A term deposit is a type of savings account that is opened for a certain period of time. During this period your money is locked, so you won't be able to access it (penalties apply if you do). In exchange, your money earns interest according to the interest rate offered by the financial institution when opening the account. This interest rate is fixed, meaning it won't change throughout the life of the term. After the period has ended, you can choose to reinvest a portion or all of the funds at the interest rate stated by your bank, or you can withdraw the funds.
Term deposits are widely considered to be a safe, low-risk investment as, unlike savings accounts, they offer a guaranteed return through a fixed interest rate. Because your money is locked away, banks often offer a higher interest rate on some term deposits than they do on regular savings accounts. If you have a chunk of money you know you won’t need for a while, a term deposit could be a good option. It removes the temptation to spend the money as you'll need to pay a fee if you wish to withdraw before the term is finished.
Term deposit versus savings account
The main difference between a savings account and a term deposit is the ability to access your money. The money in a savings account can be accessed whenever you need it, and there's no costs for withdrawing or depositing money. Term deposits are locked and will charge you if you need to withdraw your money early. So if you want easy access to your money, then a term deposit might not be right for you.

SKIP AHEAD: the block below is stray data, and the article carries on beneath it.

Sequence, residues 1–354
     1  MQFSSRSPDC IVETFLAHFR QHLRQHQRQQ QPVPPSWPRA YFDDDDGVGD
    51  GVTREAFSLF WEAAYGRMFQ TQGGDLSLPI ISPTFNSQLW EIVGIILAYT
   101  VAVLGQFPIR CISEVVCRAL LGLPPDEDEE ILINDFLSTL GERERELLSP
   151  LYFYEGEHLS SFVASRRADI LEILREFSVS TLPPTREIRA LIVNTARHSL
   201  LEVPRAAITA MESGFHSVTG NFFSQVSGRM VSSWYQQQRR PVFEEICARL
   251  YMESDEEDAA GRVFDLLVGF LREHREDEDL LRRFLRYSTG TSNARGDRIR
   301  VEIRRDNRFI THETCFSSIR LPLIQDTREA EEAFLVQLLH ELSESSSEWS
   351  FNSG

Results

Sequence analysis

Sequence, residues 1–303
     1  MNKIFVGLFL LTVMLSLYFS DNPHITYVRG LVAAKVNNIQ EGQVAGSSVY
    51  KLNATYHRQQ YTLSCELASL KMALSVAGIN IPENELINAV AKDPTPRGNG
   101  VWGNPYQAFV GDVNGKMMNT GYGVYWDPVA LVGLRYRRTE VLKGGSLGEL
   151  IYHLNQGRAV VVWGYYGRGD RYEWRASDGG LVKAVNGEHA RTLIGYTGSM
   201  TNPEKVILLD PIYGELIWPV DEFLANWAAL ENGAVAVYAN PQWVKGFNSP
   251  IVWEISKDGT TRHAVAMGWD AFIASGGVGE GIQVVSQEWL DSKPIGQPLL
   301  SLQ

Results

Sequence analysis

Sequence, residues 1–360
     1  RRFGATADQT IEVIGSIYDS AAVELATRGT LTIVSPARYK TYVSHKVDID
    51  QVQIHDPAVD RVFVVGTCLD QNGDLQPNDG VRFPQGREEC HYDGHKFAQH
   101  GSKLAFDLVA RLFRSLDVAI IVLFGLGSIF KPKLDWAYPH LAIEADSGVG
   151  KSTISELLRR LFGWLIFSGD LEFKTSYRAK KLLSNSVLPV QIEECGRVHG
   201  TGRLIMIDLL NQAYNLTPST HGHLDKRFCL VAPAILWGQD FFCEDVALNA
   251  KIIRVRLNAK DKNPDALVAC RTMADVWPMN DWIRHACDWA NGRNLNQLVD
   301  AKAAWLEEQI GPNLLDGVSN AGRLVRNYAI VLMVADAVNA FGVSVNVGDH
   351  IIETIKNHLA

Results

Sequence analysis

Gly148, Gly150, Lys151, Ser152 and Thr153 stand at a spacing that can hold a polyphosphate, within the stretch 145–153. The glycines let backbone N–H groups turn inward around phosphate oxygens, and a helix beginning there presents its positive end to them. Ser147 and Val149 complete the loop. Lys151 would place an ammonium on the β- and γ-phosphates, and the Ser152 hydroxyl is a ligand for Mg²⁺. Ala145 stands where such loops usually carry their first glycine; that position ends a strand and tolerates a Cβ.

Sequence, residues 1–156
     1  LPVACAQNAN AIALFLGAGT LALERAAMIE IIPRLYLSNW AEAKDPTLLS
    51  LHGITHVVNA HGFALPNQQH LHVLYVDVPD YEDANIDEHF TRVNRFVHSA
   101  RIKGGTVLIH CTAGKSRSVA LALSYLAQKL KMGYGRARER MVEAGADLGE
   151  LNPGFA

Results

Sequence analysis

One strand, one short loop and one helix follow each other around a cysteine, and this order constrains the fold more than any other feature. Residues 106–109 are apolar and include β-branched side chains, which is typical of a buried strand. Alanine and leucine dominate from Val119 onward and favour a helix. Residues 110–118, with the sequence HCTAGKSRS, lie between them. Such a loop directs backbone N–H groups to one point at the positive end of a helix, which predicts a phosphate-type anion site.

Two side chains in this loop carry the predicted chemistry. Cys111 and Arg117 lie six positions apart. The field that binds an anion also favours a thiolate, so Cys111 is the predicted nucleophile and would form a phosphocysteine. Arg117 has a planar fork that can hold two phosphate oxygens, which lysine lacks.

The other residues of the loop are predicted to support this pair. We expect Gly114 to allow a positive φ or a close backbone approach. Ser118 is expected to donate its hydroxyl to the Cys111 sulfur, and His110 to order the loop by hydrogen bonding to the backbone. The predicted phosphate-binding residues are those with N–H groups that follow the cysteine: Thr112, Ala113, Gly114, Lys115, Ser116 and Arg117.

Another key difference is the interest rate; savings accounts have variable interest rates meaning they can change, while term deposits have fixed interest rates meaning the rate will not change until the term matures.
Term Deposit vs High-interest Savings: What's best for you?
Like most financial products, there is no best term deposit account. The account that suits your needs and circumstance the best is the one you should choose. But what is best for you, might not be best for someone else. You should look for:
- A competitive interest rate
- A term length that suits you